Popular media, whether a joke from a television sitcom or a hook from a song that people keep singing, can do a lot for marketing. It is a common practice for creative professionals and businesses alike to make use of existing works of art, ranging from movies and music to photographs and illustrations.
Whether you want to play a song in the background of your upcoming advertising campaign or print t-shirts with a particular image on them, you may need to license the rights to those original works. Creators who produce original works and the companies that buy the rights to original creations have control over how other people and businesses use those original works.
When you understand three of the most common licensing mistakes that businesses make, you can avoid a potentially costly intellectual property dispute.
They don’t look into licensing at all
One of the most common licensing mistakes involves assuming that you won’t have any issues. Perhaps because your business is so small or because you only intend to share the work of art or video on your company’s social media pages, you don’t expect that the original creator would ever catch wind of your marketing plans.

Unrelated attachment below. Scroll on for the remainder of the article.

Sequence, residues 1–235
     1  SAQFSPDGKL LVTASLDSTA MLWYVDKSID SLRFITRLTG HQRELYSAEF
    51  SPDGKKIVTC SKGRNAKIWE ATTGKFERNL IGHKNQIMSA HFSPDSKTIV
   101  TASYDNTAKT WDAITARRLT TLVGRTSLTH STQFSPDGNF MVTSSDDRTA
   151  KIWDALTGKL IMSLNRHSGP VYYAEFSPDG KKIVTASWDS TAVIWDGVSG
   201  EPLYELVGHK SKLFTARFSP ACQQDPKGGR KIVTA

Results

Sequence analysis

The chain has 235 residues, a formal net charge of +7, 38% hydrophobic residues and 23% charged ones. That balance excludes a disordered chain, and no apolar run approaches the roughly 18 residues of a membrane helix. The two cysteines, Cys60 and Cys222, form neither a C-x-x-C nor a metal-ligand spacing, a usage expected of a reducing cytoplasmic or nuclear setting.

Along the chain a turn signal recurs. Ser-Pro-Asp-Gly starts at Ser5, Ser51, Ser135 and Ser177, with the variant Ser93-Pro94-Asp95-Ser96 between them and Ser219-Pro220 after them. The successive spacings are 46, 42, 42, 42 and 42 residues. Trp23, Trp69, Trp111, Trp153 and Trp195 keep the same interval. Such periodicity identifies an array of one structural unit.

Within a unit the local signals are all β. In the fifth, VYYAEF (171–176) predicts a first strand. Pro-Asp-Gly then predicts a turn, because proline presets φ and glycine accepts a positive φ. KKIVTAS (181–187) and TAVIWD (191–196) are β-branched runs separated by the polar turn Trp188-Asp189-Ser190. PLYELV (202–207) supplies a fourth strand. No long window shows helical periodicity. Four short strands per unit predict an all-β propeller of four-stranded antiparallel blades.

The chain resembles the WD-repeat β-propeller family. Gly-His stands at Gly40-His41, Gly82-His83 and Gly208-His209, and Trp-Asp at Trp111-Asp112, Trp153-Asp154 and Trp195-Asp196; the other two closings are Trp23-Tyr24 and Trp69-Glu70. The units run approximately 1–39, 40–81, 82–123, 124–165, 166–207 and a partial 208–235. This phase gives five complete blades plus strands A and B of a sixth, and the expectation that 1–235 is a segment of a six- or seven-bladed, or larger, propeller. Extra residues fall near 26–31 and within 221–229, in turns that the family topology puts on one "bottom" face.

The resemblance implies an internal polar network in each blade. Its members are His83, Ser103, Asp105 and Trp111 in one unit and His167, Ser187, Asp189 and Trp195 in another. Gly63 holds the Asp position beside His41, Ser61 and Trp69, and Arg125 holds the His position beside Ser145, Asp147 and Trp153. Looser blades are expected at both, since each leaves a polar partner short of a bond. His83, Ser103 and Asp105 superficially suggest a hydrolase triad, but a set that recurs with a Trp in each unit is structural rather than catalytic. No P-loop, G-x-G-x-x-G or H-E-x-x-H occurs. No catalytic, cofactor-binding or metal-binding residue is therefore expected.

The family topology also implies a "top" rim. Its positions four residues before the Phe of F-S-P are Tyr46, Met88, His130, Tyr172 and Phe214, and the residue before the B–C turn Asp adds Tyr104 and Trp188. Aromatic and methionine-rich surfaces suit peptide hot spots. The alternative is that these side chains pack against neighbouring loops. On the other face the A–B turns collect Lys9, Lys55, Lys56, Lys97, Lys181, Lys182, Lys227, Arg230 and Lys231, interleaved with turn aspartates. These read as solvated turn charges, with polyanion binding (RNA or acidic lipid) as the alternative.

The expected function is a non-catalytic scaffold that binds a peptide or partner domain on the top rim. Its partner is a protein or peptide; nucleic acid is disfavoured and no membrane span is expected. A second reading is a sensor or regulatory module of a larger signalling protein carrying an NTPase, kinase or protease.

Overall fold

However, the internet has made it faster and easier than ever before for content creators to track the unauthorized use of their works and to initiate enforcement actions.
They don’t attempt to negotiate
Many creators go viral for a single illustration or song and want to make as much money as possible. They may start out licensing negotiations with a seemingly ridiculous price point, but they may respond to counter-offers.
Those negotiating with independent artists and content creators sometimes make the mistake of overpaying for licensing privileges because they are too eager about securing rights to a specific creative work.
They contact the holding company but not the artist
Recently, there have been some licensing stories that have made the national news. One of these scenarios involved a mainstream musician theoretically sampling a song from another musician. However, in at least one case, although they did secure the appropriate licensing from the companies that own the rights to the song, there was no communication with the original artist.
Disputes and bad blood have resulted from these scenarios, which just helps illustrate how important communication with original creators can be, especially if you anticipate your licensed creations reaching a national audience.
Learning about and avoiding the most common licensing issues when hoping to secure the rights to you someone else’s intellectual property can take some of the risk out of those negotiations.